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I want to set up a server on which students can upload and run code for a course. However, I don't want them to access various functions, like system(), which could allow bad access to my server. I can search the pre-processor output for an explicit function call, but if the user makes a function pointer like this:

int (*syst)(const char*) = system;
syst("rm *");

I'm still open to the threat. However, I can't just search for the string "system", for example, since it's otherwise a valid name - if the student didn't include cstdlib, they could use that name as a variable name. Since this is a beginning programming course, having a blacklist of variable names ten miles long is a bad idea.

Is there a way to define the functions other than by name and allow me to search for that other designation before compiling their code?

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    Perhaps use seccomp / seccomp-bpf. en.m.wikipedia.org/wiki/Seccomp – Jesper Juhl Jul 28 '16 at 14:25
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    Why not run these programs in a VM? There are a few free ones available. They don't need to have many resources, and the student programs can call whatever they want. If they ruin the setup, you delete this VM and run a clone you made before. On my Mac, I have a Linux and a few Windows VM just for that.. – Rudy Velthuis Jul 28 '16 at 14:26
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    If they are clever enough to cheat, they should pass anyway. <g> Just kidding. – Rudy Velthuis Jul 28 '16 at 14:29
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    :-P To be honest, I sort of want to set up a box that is vulnerable in some ways, intentionally. If they can get past the security, then they get full marks. Why not? If they are good enough at it, they should be rewarded haha – Michael Stachowsky Jul 28 '16 at 14:31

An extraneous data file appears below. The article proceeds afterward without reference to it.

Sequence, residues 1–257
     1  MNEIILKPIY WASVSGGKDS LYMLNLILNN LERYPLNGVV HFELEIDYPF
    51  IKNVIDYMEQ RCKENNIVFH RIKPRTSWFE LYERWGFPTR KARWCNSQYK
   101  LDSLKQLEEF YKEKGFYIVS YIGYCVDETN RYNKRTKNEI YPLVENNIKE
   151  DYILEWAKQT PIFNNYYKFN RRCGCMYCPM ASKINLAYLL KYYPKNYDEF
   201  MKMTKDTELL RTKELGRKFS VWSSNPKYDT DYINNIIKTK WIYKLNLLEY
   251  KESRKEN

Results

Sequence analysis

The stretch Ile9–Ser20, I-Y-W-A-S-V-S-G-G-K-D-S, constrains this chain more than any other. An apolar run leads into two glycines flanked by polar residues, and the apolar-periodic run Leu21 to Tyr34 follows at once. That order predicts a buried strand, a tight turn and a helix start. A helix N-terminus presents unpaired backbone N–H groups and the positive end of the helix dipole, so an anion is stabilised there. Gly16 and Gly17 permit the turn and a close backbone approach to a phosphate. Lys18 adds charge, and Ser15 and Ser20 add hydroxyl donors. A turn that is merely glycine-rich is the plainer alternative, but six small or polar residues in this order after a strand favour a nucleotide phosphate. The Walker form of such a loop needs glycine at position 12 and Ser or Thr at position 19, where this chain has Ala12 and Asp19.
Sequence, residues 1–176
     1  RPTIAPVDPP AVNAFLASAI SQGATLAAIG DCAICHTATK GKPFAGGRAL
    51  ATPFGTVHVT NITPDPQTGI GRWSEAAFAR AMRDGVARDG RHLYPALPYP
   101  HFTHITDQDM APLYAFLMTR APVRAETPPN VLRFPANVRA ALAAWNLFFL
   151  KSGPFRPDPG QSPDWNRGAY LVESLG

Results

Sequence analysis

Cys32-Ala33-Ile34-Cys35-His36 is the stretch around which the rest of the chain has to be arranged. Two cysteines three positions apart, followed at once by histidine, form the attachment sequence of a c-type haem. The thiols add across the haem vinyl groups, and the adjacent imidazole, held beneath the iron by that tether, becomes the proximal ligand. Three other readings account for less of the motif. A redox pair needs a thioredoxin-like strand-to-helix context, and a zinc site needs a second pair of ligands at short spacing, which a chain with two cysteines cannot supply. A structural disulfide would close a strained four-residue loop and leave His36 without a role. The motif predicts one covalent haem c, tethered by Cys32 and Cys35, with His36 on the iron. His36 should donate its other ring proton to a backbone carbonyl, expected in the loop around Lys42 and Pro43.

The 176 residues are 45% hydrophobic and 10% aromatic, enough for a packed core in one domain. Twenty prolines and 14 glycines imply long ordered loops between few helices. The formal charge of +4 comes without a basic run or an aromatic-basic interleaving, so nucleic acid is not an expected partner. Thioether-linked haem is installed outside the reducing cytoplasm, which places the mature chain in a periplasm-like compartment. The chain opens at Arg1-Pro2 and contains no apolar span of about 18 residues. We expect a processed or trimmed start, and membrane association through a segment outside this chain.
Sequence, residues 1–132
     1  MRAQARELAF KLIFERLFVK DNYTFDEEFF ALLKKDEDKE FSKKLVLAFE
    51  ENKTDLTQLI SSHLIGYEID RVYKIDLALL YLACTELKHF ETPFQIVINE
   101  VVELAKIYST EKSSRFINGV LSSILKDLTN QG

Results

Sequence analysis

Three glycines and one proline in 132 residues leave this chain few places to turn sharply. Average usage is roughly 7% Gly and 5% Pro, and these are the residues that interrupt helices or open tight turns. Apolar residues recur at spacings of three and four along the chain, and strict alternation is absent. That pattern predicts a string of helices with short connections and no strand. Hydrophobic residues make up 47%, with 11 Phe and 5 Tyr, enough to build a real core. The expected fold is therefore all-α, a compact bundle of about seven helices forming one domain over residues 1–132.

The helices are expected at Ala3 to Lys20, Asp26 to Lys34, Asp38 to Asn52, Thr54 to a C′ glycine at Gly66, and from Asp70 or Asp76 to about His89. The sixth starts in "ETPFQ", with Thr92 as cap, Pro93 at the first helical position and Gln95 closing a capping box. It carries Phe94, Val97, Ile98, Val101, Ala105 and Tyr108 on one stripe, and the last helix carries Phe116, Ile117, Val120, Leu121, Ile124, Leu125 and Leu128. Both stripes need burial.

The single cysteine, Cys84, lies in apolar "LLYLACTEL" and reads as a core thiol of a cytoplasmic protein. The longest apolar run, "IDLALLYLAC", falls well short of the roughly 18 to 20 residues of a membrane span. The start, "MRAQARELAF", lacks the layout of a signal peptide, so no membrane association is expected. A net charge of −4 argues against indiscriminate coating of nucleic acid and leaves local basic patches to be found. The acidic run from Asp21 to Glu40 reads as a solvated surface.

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    may be you can use an old trick #define system void – user5405790 Jul 28 '16 at 14:33
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By far the easiest solution is to compile the code - that's pretty harmless - and then look at the actual library imports. Users may have defined their own system, but that wouldn't cause system to be imported from glibc.

Showing imported symbols

The main reason you can't look at the raw source code is because #define allows malicious users to hide the blacklisted symbol names. But there are plenty of other possibilities to do that, including

auto hidden = &sys\
tem;

So you need some processing of the source, and it's probably easiest just to fully process the whole source.

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  • Thanks! I had forgotten the original question in the discussion about security that followed. – Michael Stachowsky Jul 28 '16 at 14:55
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I would also suggest running this inside a chroot as a non-privileged user. It's lighter weight than a VM.

Alas, it's not possible (easily) to get a functions name from a pointer How to get function's name from function's pointer in C? That question is from a C perspective, but it's the same problem, essentially.

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